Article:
ARCADIA, Calif. — There was a twinge in Steve Asmussen’s voice as he screamed out from the rail at Santa Anita Park on Nov. 2.
“Come on Ricky!” the trainer repeatedly shrieked at jockey Ricardo Santana Jr.
The strain in his voice appeared to indicate at the very least a slight doubt that his standout sprinter, William and Corrine Heiligbrodt’s Mitole, might not get there in the $2 million Breeders’ Cup Sprint (G1).
Pacesetter and slight favorite Shancelot (3-2 to Mitole’s 9-5), had skipped away from the field, and with a furlong to run Mitole still had a length and a half to make up. But the final sixteenth was owned by the Mitole, in his first true come-from-behind victory.
The 4-year-old Eskendereya colt surged to the front and hit the wire 1 1/4 lengths ahead of Shancelot, in a final time of 1:09.00.
“I had a lot of confidence in my horse,” Santana said. “He’s a horse I’ve been riding since he was 2 years old. I changed my mind today. A lot of people though he’d go to the lead. I took him back and made one move and got to the wire first.”
It’s not as if Mitole simply stalked the pace. Santana had the colt in a position he had never been in before—3 1/2 lengths off Shancelot’s opening quarter of :21.47. Other than the second start of his career, when he was 1 3/4 lengths off the leader, Mitole has been on the lead or at most a half-length back at the first call in every start, including three Grade 1 wins. Certified off-the-pace runner Firenze Fire was even ahead of Mitole at one point in the backstretch.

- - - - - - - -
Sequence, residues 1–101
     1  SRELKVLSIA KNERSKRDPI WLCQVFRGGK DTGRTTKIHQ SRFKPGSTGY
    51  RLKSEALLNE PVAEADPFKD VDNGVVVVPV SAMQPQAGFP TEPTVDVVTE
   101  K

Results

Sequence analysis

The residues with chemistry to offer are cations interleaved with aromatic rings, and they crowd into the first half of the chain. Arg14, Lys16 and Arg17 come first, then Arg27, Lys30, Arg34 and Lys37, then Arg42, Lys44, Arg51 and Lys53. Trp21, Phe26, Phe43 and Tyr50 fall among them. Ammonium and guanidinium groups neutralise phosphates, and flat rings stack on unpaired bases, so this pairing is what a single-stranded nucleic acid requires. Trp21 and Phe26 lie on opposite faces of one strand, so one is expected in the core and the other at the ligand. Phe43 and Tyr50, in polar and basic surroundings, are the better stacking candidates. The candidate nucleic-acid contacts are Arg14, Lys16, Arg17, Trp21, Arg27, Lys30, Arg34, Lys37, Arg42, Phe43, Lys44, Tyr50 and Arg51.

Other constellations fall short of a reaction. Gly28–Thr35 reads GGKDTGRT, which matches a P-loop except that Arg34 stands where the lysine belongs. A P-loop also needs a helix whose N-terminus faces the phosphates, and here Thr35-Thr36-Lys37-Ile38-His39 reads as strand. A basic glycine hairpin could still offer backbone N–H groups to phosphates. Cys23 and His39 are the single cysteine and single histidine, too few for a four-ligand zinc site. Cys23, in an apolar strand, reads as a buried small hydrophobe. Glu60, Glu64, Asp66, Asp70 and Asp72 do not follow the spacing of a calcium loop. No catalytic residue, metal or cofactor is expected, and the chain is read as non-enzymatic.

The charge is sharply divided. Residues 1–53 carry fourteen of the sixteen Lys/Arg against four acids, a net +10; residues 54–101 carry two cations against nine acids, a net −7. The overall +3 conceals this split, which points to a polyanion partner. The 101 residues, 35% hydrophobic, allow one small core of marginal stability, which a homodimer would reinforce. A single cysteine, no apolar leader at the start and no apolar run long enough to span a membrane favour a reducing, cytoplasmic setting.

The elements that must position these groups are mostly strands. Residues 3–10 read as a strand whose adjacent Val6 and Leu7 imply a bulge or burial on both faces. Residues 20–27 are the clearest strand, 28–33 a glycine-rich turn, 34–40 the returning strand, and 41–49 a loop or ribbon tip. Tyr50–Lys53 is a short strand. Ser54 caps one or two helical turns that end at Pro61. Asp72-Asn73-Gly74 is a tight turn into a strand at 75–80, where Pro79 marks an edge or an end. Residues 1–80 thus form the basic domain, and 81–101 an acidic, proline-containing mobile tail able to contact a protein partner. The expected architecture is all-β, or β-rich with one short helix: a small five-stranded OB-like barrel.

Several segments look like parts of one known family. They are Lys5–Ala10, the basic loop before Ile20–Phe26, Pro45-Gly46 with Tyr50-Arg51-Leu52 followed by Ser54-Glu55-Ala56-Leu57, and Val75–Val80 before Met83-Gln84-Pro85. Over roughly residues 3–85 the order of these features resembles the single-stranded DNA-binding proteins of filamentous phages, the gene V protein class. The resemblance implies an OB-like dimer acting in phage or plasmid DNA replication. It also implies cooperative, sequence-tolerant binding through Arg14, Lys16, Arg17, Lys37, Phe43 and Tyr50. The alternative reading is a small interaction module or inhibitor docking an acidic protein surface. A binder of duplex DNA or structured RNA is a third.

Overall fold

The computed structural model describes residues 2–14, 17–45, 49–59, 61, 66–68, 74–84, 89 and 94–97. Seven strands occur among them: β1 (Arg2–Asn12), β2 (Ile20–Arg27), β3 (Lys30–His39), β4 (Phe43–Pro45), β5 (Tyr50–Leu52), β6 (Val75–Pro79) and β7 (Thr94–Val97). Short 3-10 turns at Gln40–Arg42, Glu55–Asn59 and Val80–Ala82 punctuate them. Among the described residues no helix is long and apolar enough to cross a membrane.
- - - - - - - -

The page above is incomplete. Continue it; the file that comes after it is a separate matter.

“We talked about just doing whatever was right for Mitole,” Asmussen said. “We have no control over who does anything or where they do it. Just be sure you’re happy with him and he’s happy with you, and the rest will take care of itself.”
Shancelot, who ran the first half-mile in :44.04 and was clear for most of the trip after some short-lived pressure from Matera Sky, still had enough left to easily hold off old veteran Whitmore.
“No complaints,” said Shancelot’s trainer, Jorge Navarro. “Look at the horse who beat us. He’s the top sprinter in the nation—probably in the world. … I’m very proud of him. I feel like a winner.”
The admiration was also flowing from Ron Moquett, who also trained Whitmore to a second-place finish in last year’s Sprint. Off at 19-1, Whitmore arguably ran the best race of his season to finish third with a closing kick from far back.
“He tries hard,” Moquett said. “He’s a good horse. That’s the reason everyone loves him—(because) he tries.”